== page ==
An evergreen, bushy perennial herb, hyssop produces upright stems with small white, lavender, or blue flowers in summer. It grows up to 2 feet tall and makes a good plant for edging and containers. Although this plant is not closely related to anise hyssop, both plants attract bees, butterflies, and hummingbirds.
Light: Part sun, Sun
Type: Herb, Perennial
Height: 1 to 3 feet
Width: 12-15 inches wide
Flower color: Blue, Purple, White
Seasonal features: Summer bloom
Problem solvers: Drought tolerant
Special features: Attracts birds, Cut flowers, Low maintenance
Hyssop loves hot, strong sunlight and plenty of it. It needs well drained soil and likes dryer conditions. If you have a rocky spot that bakes in the afternoon sun, it’s probably a good location for a hyssop bush as long as you loosen the soil well and add some sand. Growing to about two and a half feet tall and 15 inches across, hyssop has narrow, upright, woody stems.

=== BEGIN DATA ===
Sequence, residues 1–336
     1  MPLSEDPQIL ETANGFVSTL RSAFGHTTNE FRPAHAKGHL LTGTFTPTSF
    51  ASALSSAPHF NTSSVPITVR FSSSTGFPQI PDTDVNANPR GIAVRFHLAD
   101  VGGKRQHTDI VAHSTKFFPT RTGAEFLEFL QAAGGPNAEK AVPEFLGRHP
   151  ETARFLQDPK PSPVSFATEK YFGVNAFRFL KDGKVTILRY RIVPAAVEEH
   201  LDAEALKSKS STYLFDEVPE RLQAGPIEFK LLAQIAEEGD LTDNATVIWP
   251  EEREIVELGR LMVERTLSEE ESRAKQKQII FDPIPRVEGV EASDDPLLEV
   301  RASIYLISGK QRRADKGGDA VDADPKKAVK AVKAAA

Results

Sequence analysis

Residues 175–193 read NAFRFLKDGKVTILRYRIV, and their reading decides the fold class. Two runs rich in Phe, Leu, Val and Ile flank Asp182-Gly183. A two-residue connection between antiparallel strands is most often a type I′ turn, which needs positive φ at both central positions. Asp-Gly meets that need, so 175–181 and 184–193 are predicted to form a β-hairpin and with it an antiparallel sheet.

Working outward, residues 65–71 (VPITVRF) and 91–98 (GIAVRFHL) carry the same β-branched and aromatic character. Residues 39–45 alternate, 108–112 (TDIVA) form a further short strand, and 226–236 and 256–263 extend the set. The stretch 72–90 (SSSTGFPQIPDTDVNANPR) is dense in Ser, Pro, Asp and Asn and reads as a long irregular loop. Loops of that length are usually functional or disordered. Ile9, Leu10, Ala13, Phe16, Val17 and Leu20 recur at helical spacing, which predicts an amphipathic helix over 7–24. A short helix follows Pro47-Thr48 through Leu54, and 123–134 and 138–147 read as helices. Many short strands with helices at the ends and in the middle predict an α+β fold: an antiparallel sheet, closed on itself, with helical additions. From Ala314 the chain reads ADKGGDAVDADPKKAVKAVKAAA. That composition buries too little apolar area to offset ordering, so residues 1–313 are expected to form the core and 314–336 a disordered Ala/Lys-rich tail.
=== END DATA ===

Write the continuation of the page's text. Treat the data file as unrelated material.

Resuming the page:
Plant seedings two feet apart, and halve that if you’d like to train your hyssop plants into a border hedge. As herbs go, hyssop is one of those reliable performers season after season. The plant gets rangier and woodier as time goes by, so plan on replacing plants every four years or so.
Propagate hyssop by starting seeds indoors eight weeks before the last frost date in your area. You can also create new plants easily by root division in fall.
Dry stems indoors and harvest only the leaves. The woody stems lack flavor. To harvest seeds, let the seed pods brown and dry out completely. The seeds will be easy to remove and store in a dry, dark place over the winter months.